“I really believe that when someone else does us harm, we’re connected to that mistreatment like a chain. Because forgiveness is nothing less than an act of fidelity to an evil-combating campaign. So it’s not an act of niceness. It’s not being a doormat. It really to me is more badass than that. Maybe retaliation, or holding on to anger, about the harm done to me doesn’t actually combat evil. Maybe it feeds it.
Because in the end, if we’re not careful, we can actually absorb the worst of our enemy, and on some level, even start to become them. So what if forgiveness, rather than being like a pansy way of saying, it’s OK, is actually a way of wielding bolt-cutters and snapping the chain that links us? Like it is saying, what you did was so not OK that I refuse to be connected to it anymore.
Forgiveness is about being a freedom fighter, and free people are dangerous people. Free people aren’t controlled by the past. Free people laugh more than others. Free people see beauty where others do not. Free people are not easily offended. Free people are unafraid to speak truth to stupid. Free people are not chained to resentments.
That’s worth fighting for. There really is a light that shines in the darkness, and that the darkness cannot, will not, shall not overcome it.”
“Resurrection is the result of death’s defeat; forgiveness, the result of sin’s defeat. Those who learn to forgive discover that they are not only offering healing to others. They are receiving it in themselves. Resurrection is happening inside them. The wrong done to them is not permitted to twist their lives out of shape. Forgiveness isn’t weakness. It was and is a great strength. Resurrection and forgiveness together are vital for understanding the extraordinary and large-scale result of the victory won on the cross. The nations of the world were now set free to worship the one true God.”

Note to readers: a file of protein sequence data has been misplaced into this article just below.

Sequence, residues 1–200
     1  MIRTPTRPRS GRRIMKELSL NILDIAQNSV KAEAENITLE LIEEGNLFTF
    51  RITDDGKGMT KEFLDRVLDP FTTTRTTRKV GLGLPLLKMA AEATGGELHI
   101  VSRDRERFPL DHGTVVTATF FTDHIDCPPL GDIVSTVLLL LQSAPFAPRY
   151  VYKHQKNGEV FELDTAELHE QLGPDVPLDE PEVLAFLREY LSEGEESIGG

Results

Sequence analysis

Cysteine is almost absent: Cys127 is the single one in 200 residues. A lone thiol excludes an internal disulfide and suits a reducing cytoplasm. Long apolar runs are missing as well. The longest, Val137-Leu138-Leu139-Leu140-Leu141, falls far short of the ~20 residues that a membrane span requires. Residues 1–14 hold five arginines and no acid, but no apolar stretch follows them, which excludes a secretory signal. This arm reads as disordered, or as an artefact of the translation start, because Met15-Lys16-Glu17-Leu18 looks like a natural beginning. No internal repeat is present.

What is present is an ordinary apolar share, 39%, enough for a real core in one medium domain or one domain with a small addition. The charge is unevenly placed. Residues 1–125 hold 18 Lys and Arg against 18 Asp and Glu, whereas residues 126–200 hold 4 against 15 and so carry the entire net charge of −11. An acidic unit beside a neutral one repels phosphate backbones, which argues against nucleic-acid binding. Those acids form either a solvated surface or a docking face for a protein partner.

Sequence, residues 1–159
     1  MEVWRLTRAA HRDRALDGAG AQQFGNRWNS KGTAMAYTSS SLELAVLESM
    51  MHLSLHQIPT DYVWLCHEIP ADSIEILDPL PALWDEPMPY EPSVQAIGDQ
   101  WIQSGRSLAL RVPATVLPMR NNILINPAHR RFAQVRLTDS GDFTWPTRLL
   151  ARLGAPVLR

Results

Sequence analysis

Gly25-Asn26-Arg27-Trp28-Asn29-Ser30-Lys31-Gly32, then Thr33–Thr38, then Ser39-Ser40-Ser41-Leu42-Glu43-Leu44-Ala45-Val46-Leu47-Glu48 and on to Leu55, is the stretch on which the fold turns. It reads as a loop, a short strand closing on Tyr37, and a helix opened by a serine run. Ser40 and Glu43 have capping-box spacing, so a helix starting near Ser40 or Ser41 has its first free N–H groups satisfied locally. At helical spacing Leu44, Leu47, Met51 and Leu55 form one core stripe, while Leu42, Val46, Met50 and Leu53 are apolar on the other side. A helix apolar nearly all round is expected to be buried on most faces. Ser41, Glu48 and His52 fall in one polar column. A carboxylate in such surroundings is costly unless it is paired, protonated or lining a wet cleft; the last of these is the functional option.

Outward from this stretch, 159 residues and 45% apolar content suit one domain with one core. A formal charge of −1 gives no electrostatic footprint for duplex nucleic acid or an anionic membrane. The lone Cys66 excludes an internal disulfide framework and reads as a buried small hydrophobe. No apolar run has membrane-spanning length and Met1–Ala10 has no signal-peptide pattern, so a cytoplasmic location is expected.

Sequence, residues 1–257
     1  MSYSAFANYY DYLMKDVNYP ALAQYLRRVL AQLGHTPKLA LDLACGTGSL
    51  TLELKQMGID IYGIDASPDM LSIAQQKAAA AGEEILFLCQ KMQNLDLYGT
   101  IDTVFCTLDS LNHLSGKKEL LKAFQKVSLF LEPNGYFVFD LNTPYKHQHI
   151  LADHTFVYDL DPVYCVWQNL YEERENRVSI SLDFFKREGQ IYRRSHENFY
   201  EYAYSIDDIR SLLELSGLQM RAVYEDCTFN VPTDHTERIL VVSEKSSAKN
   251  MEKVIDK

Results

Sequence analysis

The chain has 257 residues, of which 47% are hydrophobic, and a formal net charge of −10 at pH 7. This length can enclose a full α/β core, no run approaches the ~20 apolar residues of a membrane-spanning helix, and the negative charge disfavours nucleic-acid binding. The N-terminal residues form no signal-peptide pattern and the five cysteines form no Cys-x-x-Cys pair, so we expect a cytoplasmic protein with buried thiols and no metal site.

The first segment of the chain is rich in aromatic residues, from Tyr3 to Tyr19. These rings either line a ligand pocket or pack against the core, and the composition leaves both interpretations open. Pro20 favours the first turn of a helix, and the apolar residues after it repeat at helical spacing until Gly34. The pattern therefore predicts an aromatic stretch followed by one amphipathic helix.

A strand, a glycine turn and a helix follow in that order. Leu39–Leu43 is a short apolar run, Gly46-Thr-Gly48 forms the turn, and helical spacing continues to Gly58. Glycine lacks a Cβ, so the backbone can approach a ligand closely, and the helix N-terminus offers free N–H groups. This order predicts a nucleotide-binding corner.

― NT Wright, The Day the Revolution Began: Reconsidering the Meaning of Jesus’s Crucifixion
Forgiveness and justice seem incongruous. In fact, they are often treated as clashing forces. Justice demands balance and restitution. Forgiveness accepts imbalance and releases debt. Justice delivers fair judgement. Forgiveness extends mercy, grace, and kindness. Yet, when we treat forgiveness as something incongruous with justice, we display a fundamental misunderstanding of the Gospel and Jesus’ death on the cross.
In the world where the only assumed options to injustice are fight or flight (i.e. acceptance, avoidance, retribution, or retaliation). Jesus offers us a third-way; forgiveness. Forgiveness is a practice that is at the center of God’s mission in putting the world right. Forgiveness is not turning a blind eye to injustice. God forgives, not because he doesn’t care about injustice or sin, but precisely because he does care. God forgives because he refuses to let injustice and sin have the last word in the way the world is moving. God plan is greater than fairness or balance. God’s plan is redemption, reconciliation, and the uniting of all things in Christ.
Forgiveness breaks the cycle of injustice and sin by denying the right to act upon its power to build walls between people or respond in kind toward the offender. Forgiveness denies the right to right to resentment or revenge and instead returns offense and injustice with blessing, compassion, kindness, and benevolence. Forgiveness is central to how God is working to put the world right.